U.S. Department of Housing and Urban Development Secretary Ben Carson recently announced HUD has approved a $1.5 billion disaster recovery plan aimed at helping Puerto Rican citizens recover from hurricanes Irma and Maria.

Puerto Rico’s plan focuses primarily on the restoration of damaged and destroyed homes, businesses and infrastructure. The territory's long-term recovery is supported through HUD’s Community Development Block Grant, according to HUD.  

“Today, we turn an important corner in our long-term effort to rebuild hard-hit communities in Puerto Rico,” Secretary Carson said. “This is just the beginning – billions in federal disaster recovery funding will soon be put to work and help our fellow citizens in Puerto Rico rebuild their homes and their lives.”

On September 8, 2017, President Donald Trump signed the Additional Supplemental Appropriations for Disaster Relief Requirements Act, which appropriated $7.4 billion in CDBG-DR funding for major disasters declared in 2017.

This was followed in February with a $1.5 billion grant to “address the serious unmet needs on the island,” and a $18.5 billion grant in April to further support recovery in Puerto Rico, according to HUD.

These funds, paired with the newly created disaster recovery plan, could potentially bring relief to a territory that has undergone many tribulations in the last year.

Earlier this month, Disaster Housing Recovery Coalition members, LatinoJustice PRLDEF and Faith in Action filed a lawsuit against the Federal Emergency Management Agency in the U.S. District Court of Massachusetts.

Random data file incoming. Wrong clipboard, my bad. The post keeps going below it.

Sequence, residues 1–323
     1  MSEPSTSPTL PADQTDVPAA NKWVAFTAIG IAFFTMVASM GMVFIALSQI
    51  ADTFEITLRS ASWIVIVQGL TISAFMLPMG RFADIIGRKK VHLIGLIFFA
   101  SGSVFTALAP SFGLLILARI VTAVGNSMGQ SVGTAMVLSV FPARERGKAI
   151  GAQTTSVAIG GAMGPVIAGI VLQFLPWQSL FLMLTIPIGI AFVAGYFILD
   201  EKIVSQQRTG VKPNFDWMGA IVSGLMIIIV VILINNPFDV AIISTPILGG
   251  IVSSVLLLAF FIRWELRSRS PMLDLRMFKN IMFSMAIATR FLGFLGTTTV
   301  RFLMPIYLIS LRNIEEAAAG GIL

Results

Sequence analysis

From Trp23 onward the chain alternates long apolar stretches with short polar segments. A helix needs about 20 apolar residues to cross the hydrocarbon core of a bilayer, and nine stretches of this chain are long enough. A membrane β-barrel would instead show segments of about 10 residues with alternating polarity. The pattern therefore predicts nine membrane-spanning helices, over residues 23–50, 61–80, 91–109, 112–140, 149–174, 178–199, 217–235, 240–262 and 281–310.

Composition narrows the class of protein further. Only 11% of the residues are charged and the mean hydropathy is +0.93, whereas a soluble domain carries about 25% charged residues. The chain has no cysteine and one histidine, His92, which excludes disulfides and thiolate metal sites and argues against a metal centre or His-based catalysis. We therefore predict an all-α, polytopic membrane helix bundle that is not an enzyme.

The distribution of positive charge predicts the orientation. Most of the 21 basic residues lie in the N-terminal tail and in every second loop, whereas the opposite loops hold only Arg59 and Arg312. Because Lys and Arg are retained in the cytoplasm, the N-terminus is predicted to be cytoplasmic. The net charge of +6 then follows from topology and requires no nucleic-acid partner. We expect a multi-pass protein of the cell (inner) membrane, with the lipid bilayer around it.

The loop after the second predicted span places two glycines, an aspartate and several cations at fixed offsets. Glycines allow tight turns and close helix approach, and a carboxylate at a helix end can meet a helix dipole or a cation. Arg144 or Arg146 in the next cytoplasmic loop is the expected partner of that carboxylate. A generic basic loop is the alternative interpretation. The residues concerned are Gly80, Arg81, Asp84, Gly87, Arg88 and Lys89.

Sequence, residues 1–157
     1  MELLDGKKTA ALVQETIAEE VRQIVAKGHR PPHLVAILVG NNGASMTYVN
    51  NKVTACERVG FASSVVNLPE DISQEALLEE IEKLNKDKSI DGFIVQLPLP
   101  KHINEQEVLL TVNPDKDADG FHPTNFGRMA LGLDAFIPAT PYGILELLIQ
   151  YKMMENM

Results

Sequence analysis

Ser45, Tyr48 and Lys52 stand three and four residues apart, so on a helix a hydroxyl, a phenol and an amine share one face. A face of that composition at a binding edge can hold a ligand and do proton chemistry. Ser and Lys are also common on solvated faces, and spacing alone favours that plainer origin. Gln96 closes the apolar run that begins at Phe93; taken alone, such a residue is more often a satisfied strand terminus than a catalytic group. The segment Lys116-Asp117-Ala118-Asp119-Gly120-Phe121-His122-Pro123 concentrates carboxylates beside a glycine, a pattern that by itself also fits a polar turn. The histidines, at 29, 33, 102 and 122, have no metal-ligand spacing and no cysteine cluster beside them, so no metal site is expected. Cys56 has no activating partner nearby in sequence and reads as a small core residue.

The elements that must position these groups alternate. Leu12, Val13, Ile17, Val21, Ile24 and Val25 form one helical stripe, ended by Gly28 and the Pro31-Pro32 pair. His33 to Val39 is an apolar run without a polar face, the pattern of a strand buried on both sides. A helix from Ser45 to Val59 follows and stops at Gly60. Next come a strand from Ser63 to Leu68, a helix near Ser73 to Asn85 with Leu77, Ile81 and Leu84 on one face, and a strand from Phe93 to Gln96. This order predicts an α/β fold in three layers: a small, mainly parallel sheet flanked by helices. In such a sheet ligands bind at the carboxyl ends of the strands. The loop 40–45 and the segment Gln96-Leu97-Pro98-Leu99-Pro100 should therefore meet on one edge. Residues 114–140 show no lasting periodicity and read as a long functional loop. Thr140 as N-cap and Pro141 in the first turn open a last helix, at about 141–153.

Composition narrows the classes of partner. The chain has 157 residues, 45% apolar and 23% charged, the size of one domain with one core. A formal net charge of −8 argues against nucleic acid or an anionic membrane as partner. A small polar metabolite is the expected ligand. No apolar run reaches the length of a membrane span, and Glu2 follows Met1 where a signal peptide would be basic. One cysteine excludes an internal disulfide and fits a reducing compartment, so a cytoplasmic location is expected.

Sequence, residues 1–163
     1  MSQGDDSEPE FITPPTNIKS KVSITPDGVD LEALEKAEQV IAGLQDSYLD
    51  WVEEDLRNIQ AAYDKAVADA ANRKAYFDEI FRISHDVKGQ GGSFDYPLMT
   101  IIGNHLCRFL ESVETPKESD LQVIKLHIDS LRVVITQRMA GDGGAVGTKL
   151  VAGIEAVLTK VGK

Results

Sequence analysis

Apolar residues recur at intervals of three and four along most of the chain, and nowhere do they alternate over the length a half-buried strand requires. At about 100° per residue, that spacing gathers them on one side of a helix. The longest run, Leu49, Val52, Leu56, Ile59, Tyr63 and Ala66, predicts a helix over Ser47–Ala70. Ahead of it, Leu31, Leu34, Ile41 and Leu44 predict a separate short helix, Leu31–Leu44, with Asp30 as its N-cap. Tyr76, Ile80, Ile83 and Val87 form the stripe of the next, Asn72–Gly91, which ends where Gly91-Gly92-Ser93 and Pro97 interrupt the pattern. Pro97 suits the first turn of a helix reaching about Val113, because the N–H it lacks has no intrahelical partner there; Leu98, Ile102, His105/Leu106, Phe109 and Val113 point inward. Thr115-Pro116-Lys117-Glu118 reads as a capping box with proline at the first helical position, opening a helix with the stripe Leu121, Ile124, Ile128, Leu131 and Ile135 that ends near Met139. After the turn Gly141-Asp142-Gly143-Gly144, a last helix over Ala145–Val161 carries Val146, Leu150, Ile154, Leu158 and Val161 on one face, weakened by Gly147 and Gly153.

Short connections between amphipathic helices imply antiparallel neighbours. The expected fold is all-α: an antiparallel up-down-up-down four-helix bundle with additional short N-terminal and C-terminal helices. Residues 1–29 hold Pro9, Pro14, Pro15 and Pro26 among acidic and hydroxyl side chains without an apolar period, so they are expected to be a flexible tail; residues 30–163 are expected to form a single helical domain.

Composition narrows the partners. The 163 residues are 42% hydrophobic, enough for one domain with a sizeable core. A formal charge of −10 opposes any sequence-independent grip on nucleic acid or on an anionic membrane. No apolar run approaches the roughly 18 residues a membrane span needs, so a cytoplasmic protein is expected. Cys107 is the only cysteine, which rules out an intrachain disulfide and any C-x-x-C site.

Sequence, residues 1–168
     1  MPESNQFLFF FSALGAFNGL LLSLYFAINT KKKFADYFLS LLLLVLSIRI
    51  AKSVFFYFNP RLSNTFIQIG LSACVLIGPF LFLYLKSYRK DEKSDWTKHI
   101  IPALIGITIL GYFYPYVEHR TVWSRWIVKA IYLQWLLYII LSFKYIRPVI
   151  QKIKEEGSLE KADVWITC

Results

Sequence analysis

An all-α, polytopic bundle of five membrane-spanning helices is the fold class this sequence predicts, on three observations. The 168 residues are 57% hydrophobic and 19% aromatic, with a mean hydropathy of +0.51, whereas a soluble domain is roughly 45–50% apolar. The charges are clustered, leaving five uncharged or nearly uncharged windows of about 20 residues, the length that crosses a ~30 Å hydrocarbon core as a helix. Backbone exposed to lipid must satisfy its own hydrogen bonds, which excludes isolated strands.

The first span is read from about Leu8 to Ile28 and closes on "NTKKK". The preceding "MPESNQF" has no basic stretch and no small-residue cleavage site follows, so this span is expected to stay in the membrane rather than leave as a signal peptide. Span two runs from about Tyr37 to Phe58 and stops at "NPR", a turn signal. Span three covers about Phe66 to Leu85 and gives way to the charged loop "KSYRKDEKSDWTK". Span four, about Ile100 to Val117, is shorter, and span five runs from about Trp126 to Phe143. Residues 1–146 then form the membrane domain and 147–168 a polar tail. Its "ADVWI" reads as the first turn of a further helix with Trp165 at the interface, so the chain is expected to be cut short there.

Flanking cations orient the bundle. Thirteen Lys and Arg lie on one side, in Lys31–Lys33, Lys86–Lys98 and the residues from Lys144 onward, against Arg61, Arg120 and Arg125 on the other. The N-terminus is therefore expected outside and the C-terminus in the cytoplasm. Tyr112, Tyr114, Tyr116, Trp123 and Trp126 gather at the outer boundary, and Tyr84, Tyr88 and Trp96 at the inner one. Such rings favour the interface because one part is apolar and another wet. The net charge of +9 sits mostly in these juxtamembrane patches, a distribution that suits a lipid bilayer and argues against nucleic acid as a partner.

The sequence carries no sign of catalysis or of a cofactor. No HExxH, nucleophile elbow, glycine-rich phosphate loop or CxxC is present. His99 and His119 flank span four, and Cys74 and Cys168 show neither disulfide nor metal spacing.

The lawsuit alleged FEMA planned to prematurely abandon its assistance to thousands of Puerto Ricans displaced by Hurricane Maria when it discontinued its Transitional Shelter Assistance on June 30, 2018.

A judge determined that storm victims within the TSA program were entitled to reasonable notice of the termination of the temporary housing assistance, and has temporarily halted evictions.

HUD said the recovery plan has the potential to help many Puerto Ricans struggling to find housing, and that it plans to publish guidance rules to determine use of the funds.

The provisions of these funds are listed below:

  • Housing ($1 billion) – Puerto Rico is investing more than $1 billion to restore the island’s severely damaged housing stock. As part of the plan, Puerto Rico intends to provide up to $120,000 to rebuild destroyed homes for each qualified homeowner and up to $48,000 to repair each eligible damaged property. Additional housing investments include funding for rental assistance ($10 million), specifically for properties serving the elderly and other vulnerable households. Puerto Rico has also proposed a $36 million Home Emergency Resilience Program that provides up to $6,000 per household for individual solar appliances to help families.
  • Economic Revitalization ($145 million) - Puerto Rico’s recovery plan provides $145 million for several activities to help revitalize the post-disaster economy, with grants of up to $50,000 for eligible businesses. The plan also targets grants for small business incubators and accelerators ($10 million), awards of up to $2.5 million for each eligible incubator operation, a workforce training program ($10 million) awards of up to $2 million to train eligible Section 3 residents, and a construction and commercial revolving loan program ($35 million) that will provide up to $1 million per loan to eligible businesses. 
  • Infrastructure ($100 million) - To support the repair of damaged infrastructure on the island, Puerto Rico intends to target $100 million to match federal investments through the Federal Emergency Management Agency’s (FEMA) Public Assistance and Hazard Mitigation Grant Program projects.